The Museu de Arte de São Paulo (MASP) has received a grant from the Getty Foundation to support a plan for the long-term care and maintenance of its landmark Brutalist building. The museum has the most important art collection in Latin America, but is most recognized for its modernist architecture and installation design.
MASP was founded in 1947 by Assis Chateaubriand, who appointed the Italian curator Pietro Maria Bardi as the first director. They acquired a major collection of European art by 1960, including works by Titian, Rembrandt, Goya, Monet, van Gogh, and Picasso. The museum’s permanent collection is the most significant in Latin America and the Southern Hemisphere, with more than 8,000 works that include European masterpieces as well as Greek and Roman antiquities, African, Asian, Brazilian, and Pre-Columbian art.
Pietro Maria Bardi was director of MASP for nearly half a century until 1996, but his contributions are less well-known than those of his wife, the architect Lina Bo Bardi. She was only 32 years old in 1947 when she designed the conversion of one of Chateaubriand’s office buildings into a temporary museum. During the next decade she became a Brazilian citizen, co-founded a magazine, joined the faculty at the Universidade de São Paulo, and designed the famous Casa de Vidro.
In 1957 work began for a new museum building on Avenida Paulista, São Paulo’s main financial and cultural center. The chosen site was an important public space and came with the restriction that no building could block its panoramic views. Lina Bo Bardi’s solution was to split the building into two, with one part constructed into the hillside and the other part raised up 26 feet above the ground. The project was completed in 1968 with a Brutalist aesthetic that is a top example of Brazilian modern architecture.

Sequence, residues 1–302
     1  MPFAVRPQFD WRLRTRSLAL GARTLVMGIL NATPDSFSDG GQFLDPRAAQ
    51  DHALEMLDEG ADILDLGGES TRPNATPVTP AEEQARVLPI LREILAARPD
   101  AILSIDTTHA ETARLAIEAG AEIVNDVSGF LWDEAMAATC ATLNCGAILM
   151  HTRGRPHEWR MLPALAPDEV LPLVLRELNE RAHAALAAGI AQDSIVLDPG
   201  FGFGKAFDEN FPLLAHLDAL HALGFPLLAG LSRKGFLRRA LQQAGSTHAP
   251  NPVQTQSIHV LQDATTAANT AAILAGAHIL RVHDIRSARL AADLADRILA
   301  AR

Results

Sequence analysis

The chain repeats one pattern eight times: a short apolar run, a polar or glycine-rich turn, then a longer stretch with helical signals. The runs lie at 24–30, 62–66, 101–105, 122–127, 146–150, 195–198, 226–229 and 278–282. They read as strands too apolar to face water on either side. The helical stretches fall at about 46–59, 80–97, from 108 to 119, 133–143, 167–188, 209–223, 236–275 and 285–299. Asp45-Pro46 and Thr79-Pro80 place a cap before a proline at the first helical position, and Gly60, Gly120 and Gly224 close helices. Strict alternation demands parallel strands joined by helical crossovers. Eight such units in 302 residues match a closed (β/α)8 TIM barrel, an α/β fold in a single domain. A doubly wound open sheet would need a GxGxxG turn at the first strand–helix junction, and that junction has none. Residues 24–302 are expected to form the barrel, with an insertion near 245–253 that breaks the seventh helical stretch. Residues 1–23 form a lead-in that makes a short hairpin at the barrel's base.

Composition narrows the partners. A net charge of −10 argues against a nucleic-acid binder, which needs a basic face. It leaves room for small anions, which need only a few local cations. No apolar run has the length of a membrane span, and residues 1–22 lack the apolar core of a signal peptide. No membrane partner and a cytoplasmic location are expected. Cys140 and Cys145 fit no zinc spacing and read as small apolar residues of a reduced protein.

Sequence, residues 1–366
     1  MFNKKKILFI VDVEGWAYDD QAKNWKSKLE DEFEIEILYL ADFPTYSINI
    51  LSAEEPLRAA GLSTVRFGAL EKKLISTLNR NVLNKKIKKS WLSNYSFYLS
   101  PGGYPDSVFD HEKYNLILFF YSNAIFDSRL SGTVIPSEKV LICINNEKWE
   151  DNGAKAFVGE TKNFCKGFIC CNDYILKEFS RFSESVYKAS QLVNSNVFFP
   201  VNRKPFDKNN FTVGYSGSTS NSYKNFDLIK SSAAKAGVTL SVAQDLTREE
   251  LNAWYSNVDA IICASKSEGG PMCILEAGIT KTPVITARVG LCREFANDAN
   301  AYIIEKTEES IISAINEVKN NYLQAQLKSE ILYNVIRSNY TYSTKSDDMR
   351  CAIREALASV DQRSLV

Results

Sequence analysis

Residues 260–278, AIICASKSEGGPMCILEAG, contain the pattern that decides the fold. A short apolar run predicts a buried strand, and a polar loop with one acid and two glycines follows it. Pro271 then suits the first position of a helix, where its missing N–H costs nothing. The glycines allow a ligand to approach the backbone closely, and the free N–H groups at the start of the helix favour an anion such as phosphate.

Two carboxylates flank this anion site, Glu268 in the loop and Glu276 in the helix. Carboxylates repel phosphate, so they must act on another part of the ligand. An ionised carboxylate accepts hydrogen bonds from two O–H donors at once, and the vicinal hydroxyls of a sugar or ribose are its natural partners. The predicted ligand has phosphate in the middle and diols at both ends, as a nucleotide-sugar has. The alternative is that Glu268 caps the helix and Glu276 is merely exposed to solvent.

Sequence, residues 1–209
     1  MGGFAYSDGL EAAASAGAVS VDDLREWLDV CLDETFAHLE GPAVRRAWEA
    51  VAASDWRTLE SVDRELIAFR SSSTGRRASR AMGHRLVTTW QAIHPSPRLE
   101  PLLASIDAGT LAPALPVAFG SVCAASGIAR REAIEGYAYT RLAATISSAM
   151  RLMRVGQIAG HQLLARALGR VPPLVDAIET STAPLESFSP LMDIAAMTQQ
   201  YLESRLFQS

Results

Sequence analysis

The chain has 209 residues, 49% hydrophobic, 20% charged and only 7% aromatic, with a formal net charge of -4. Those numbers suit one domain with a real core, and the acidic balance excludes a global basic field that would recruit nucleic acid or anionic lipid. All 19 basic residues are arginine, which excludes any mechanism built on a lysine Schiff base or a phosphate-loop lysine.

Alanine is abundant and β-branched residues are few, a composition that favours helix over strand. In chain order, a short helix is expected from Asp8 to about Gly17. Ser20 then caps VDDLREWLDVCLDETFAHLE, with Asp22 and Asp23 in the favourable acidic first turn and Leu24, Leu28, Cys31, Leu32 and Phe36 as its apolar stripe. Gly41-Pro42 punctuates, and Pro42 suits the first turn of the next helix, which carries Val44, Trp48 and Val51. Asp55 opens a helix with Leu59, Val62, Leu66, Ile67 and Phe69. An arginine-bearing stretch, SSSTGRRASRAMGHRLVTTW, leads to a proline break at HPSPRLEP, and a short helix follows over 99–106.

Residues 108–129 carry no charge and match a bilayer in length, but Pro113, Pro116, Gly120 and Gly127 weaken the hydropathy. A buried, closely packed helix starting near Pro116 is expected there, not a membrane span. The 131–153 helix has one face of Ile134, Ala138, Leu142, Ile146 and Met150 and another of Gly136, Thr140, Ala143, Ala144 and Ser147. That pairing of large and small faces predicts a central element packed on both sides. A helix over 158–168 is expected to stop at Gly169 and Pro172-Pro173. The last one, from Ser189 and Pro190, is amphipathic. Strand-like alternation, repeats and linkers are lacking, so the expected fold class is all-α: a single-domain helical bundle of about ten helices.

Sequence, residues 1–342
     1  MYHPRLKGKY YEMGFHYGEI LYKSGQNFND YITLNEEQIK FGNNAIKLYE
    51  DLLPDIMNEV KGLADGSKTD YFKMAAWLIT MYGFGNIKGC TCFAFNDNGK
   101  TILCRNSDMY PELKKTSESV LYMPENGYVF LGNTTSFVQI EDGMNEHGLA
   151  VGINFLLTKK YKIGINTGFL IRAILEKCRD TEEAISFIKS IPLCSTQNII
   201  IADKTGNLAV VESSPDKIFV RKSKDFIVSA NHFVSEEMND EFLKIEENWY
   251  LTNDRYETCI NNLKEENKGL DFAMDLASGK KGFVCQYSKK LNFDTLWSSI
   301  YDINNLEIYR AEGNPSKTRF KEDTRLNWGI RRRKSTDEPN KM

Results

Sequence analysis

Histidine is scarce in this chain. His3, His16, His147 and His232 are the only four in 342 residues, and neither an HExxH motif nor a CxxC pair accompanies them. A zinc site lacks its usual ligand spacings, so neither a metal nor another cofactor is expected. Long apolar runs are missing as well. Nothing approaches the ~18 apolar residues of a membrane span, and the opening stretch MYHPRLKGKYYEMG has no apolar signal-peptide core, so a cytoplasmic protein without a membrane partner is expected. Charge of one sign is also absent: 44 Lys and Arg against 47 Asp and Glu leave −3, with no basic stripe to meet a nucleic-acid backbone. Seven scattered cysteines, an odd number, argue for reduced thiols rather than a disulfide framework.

MASP totals over 110,000 square feet. The lower building contains a library, auditorium, restaurant, and operational spaces. Its roof is at street level with Avenida Paulista, forming a public plaza with views onto the city. The upper building hovers 26 feet above the plaza, with its entire mass suspended on four pillars and two concrete beams that span 243 feet.
The box of the upper building contains two floors of galleries with glass walls, open floor plans, and a bespoke modern installation design. Rather than walls, which would interrupt the free span of the galleries, paintings are installed on glass panels and appear to float throughout the space.
In Bo Bardi’s original design, paintings were suspended on tempered glass set in concrete bases, with labels on the reverse of each panel. The glass easels were complementary to the architecture, but more significantly, disrupted the traditional linear, chronological, and hierarchical design of museums in favor of visitors choosing their own paths. It was avant-garde art historical decolonization.
These original installations were removed in 1996, but have been restored under the leadership of MASP artistic director Adriano Pedrosa. The museum’s curatorial team and METRO Arquitetos researched and reconstructed more than 100 of Bo Bardi’s easels, with some updated engineering. The re-installation opened in December 2015 with 117 artworks from the permanent collection.
Lina Bo Bardi designed a number of other cultural projects in Brazil including the restoration of the Solar do Unhao in Salvador, the Teatro Oficina in São Paulo, and the SESC Pompéia. MASP, beyond its modern aesthetics, achieves social and cultural benefits with its plaza as a popular gathering place for Paulistanos and its galleries as a new model for museum exhibition design.
Before MASP, the Getty Foundation awarded a grant to Bo Bardi’s Casa de Vidro in 2016. Because they were constructed with experimental materials and engineering strategies, these works of modern architecture require specific conservation and maintenance plans.